Death Penalty Information Center: US Supreme Court Rules Death Penalty for Child Rape Unconstitutional
FOR IMMEDIATE RELEASE
June 25, 2008
CONTACT: Death Penalty Information Center
US Supreme Court Rules Death Penalty for Child Rape Unconstitutional
Court Strikes Down Capital Rape Statutes Where Victim Did Not Die
WASHINGTON - June 25 - On Wednesday, June 25, the U.S. Supreme Court struck down as
unconstitutional the Louisiana statute that authorized the death penalty for child rape
in the case of Kennedy v. Louisiana. The Court held that all such laws are not in keeping
with the national consensus against the death penalty where there was no murder or
intent to murder. As a result, the only two people sentenced to death for this crime in
the modern capital punishment era no longer face execution. Both were sentenced
under the Louisiana statute that was found unconstitutional. Today, no one is on death
row for any other offense not involving murder.
The Court noted that Kennedy had been sentenced to death under a law that was not
embraced by 44 out of the 50 states. Justice Anthony Kennedy, writing for the 5-4
majority, stated, "Based both on consensus and our own independent judgment, our
holding is that a death sentence for one who raped but did not kill a child, and who did
not intend to assist another in killing the child, is unconstitutional under the Eighth and
The Court noted the danger in laws such as Louisiana's, which allowed the death
penalty where no murder was committed: "When the law punishes by death, it risks its
own sudden descent into brutality, transgressing the constitutional commitment to
decency and restraint." In an earlier decision, Coker v. Georgia (1977), the Court struck
down the death penalty for the rape of an adult because the victim did not die. Today's
decision reinforces the Coker ruling in an even broader context.
Victims' groups and child advocates had concluded that the death penalty for child rape
could actually harm children, rather than protect them. They pointed out that:
* Child sexual abuse is one of the most underreported crimes. The vast majority of
sex offenders who abuse children are family members or people close to the family. If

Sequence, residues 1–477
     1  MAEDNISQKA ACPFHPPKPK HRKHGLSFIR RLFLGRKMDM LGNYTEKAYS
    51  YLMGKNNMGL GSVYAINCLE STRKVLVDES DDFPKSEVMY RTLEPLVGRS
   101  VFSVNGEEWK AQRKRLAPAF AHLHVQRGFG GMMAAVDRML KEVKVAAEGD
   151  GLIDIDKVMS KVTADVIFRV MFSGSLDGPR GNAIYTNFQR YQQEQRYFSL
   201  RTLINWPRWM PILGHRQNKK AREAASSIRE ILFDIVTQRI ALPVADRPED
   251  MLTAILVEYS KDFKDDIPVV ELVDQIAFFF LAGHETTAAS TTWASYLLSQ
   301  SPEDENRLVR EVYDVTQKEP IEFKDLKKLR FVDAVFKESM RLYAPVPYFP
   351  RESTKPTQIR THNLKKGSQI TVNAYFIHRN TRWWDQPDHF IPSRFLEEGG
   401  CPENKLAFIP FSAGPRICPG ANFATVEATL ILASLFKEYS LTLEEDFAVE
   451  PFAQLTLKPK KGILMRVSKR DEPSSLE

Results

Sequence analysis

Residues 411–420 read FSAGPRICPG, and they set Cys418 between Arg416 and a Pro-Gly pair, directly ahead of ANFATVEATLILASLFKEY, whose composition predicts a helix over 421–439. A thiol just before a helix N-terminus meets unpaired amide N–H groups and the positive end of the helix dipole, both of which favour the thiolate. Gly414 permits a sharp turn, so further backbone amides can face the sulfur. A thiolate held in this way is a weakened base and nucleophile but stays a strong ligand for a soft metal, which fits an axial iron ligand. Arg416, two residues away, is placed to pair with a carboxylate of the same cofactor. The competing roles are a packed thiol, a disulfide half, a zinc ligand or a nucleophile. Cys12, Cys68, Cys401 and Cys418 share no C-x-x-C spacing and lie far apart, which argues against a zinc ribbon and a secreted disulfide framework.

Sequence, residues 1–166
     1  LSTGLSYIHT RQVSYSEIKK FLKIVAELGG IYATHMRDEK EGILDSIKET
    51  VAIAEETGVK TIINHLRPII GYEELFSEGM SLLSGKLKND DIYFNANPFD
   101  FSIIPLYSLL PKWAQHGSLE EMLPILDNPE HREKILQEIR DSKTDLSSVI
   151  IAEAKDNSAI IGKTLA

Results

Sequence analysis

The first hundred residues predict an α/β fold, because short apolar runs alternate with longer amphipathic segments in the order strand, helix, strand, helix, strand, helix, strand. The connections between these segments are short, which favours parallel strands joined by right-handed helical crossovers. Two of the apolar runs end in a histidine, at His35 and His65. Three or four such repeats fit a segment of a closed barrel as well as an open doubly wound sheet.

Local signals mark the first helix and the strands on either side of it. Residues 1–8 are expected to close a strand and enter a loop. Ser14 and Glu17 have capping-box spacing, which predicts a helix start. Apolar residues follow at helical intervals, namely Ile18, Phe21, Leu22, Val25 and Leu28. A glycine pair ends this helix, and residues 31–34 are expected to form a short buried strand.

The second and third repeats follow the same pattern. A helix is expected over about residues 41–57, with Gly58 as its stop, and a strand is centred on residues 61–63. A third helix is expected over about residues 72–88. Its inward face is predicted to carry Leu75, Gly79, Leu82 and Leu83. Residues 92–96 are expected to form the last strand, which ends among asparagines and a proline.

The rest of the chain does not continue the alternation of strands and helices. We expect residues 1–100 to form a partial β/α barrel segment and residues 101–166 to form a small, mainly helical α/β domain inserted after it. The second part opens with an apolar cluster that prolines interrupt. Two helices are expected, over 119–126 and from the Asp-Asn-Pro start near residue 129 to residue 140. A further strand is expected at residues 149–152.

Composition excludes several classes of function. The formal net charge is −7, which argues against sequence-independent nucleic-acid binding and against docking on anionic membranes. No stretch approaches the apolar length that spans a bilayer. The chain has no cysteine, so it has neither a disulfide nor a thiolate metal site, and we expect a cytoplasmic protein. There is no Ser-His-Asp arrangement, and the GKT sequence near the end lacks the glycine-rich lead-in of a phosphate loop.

the possibility of the death penalty is added to the equation, even more victims and
family members will choose to remain silent rather than report the crime.
* Imposing the death penalty for child rape would subject victims to an increased
number of trials and appeals, forcing them to relive painful events and seriously
disrupting their healing process. The high reversal rate in death penalty cases would
subject many victims to one or more re-trials.
* Life is not over for child sexual abuse survivors and the law should not take any
action that suggests that it is. Equating rape and murder by giving both crimes the
death penalty sends the wrong message to child victims; that is, that they are
irreparably damaged and that their lives are effectively over.
Judy Benitez, Executive Director of the Louisiana Foundation Against Sexual Assault
talked about the danger of such statutes as the Court struck down today, "Our great
fear was that the death penalty would increase underreporting of sexual assaults." She
argued that the "vast majority" of sexual assaults against children are committed by a
family member or friend and other family members would be unwilling to turn over
the rapist if the death penalty might be used.
This case comes at a time when the nation is moving away from the death penalty
because of growing concerns about innocence, unfairness, discriminatory application,
and lack of efficacy. These problems have contributed to an eight-year decline in death
sentences nationwide. All five states that considered broadening their death penalty
laws to include the offense of child rape this year defeated such measures in their
Richard Dieter, Executive Director of the Death Penalty Information Center, said, “After
more than 30 years, there is overwhelming evidence of a national consensus against
imposing the death penalty for offenses such as the one addressed today. In fact, no
one in America has been executed for any kind of rape in over 43 years and no Western
nation authorizes the death penalty for rape regardless of the victim's age.”
To contact Richard Dieter, Executive Director of the Death Penalty Information Center,
or lawyers familiar with this case, please call (202) 289-2275.
To contact Judy Benitez, Executive Director of the Louisiana Foundation Against Sexual
Assault, please call (985) 345-5995.
To contact Billy Sothern, Deputy Director of the Capital Appeals project who represents
Patrick Kennedy, please call (504) 957-1884.